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  1. #1
    brYan's Avatar
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    Sump pump or sewage pump

    Hello everyone,

    Finally building my own darkroom.

    I was going to install a sump pump but found that it is not rated for water above 70 degrees. Looked at a sewage pump and it says, among other things, that it will handle laundry facilities, implying hot water.

    Should I avoid a sump pump and install a sewage pump?

    Thanks,
    Bryan

  2. #2

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    My suggestion is to ask someone at a real plumbing supply house, not a Home Depot. The sewage pump is made to grind up and pump solids while the sump pump is made for clear water. There's a big price difference. Don't know about the temperature thing.

    Brian

  3. #3
    Whiteymorange's Avatar
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    I've had a sump pump handling my washer water for 12 years. No problems yet, but I wash in warm, not hot.

    Free advice and worth every penny.

  4. #4
    John Bartley's Avatar
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    There is such a thing as a "laundry pump" which will handle hot water, detergents and the like. They are used for emptying basement laundry tubs, showers and washing machines into a grey water drain when a municipal service is not available. Typically, they draw through a check valve so that there won;t be any backflow. They shouldn't be very expensive either as they don't need either great ruggedness or large power. We used one on the home farm for many years with no trouble.

    cheers

  5. #5

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    I have had a sump pump dispose of laundry water for years. A sewage pump is a pump that is used to dispose of solid wastes like those coming from your toilet. They are designed to be installed into an enclosed sump for that reason.

    A conventional sump pump will serve your purposes. I have over thirty years experience in dealing with plumbing matters (among other things)...however you should be guided by your local codes.
    Art is a step from what is obvious and well-known toward what is arcane and concealed.

    Visit my website at http://www.donaldmillerphotography.com

  6. #6
    copake_ham's Avatar
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    Quote Originally Posted by brYan
    Hello everyone,

    Finally building my own darkroom.

    I was going to install a sump pump but found that it is not rated for water above 70 degrees. Looked at a sewage pump and it says, among other things, that it will handle laundry facilities, implying hot water.

    Should I avoid a sump pump and install a sewage pump?

    Thanks,
    Bryan
    Just curious - was that 70F or 70C?

    A pump incapable of handling water above 70F seems to be next to useless. OTOH, a pump able to handle 70C can take care of water far beyond what you will need!

  7. #7

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    I use a sump pump in my darkroom and it works beautifully.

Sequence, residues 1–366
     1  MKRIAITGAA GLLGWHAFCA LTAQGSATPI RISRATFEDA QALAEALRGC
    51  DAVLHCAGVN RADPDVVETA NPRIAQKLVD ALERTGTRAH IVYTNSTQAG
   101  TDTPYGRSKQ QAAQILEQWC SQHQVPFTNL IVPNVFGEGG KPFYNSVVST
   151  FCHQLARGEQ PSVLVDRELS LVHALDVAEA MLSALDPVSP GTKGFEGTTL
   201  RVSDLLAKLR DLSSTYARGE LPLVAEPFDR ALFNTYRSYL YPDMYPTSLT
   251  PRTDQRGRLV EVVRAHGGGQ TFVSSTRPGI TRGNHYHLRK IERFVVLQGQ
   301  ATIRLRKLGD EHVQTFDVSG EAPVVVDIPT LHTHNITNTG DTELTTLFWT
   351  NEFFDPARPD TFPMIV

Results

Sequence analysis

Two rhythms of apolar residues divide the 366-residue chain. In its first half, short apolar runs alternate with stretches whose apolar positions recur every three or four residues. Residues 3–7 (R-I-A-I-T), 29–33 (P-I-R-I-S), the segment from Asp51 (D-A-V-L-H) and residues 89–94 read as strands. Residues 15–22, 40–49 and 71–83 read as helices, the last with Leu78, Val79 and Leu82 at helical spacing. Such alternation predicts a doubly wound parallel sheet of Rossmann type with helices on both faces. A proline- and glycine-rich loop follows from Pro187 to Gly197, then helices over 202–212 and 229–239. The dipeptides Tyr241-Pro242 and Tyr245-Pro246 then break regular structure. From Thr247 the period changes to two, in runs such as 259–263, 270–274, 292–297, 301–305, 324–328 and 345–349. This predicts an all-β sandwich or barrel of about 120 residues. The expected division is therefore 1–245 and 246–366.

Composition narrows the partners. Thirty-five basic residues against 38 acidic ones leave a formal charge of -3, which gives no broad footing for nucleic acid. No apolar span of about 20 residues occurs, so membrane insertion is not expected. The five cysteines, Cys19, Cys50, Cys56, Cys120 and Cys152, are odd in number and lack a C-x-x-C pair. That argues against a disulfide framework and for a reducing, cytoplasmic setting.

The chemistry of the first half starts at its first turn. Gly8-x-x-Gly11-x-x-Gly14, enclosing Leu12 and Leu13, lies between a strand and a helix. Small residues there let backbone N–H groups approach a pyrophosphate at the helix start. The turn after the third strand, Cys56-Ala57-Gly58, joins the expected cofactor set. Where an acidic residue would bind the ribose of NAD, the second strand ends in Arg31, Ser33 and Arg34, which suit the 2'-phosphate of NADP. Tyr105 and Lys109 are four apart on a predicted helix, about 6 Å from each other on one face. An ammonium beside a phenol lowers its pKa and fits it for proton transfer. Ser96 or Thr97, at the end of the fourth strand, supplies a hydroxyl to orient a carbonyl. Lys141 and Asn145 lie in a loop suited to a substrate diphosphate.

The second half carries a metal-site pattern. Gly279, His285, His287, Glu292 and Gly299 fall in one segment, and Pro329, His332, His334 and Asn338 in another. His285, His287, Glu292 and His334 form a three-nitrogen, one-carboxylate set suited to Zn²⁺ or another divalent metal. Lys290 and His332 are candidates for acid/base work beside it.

8. #8
    brYan's Avatar
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    Quote Originally Posted by copake_ham
    Just curious - was that 70F or 70C?

    A pump incapable of handling water above 70F seems to be next to useless. OTOH, a pump able to handle 70C can take care of water far beyond what you will need!

    The sump pump is a Flotec rated from 32F to 70F.

    -Bryan

  9. #9

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    Sump Pump or Dump Pump?

    Quote Originally Posted by brYan
    Hello everyone,

    Finally building my own darkroom.

    I was going to install a sump pump but found that it is not rated for water above 70 degrees. Looked at a sewage pump and it says, among other things, that it will handle laundry facilities, implying hot water.

    Should I avoid a sump pump and install a sewage pump?

    Thanks,
    Bryan
    We have a sump pump in the basement laundry room that handles hot and cold water very handily. We found it was best to power the sumps via a standard plug-in cord as opposed to "hard-wiring" it making it easier to swap them out quickly and cheaply as needed. You wouldn't want to subject a sump pump to solid wastes but hot water shouldn't be a problem.
    "A certain amount of contempt for the material employed to express an idea is indispensable to the purest realization of this idea." Man Ray

  10. #10
    jovo's Avatar
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    The "Little Giant" pump I have uses a diaphragm to switch on automatically. It cautions not to use water hotter than 125 F. Having not known that with the first one I had, I thought nothing of running water as hot as the water heater would make it to clean things. The result was that the diaphragm broke down and water got into places it shouldn't when I tried, without directions, to fix it. So I've now replaced it with a new one I bought on ebay that came with all the instructions I should have had in the first place. It works beautifully and I've learned more about PVC, ABS, priming, check valves, couplings and vents than I ever thought I would. Have fun!
    John Voss

    My Blog

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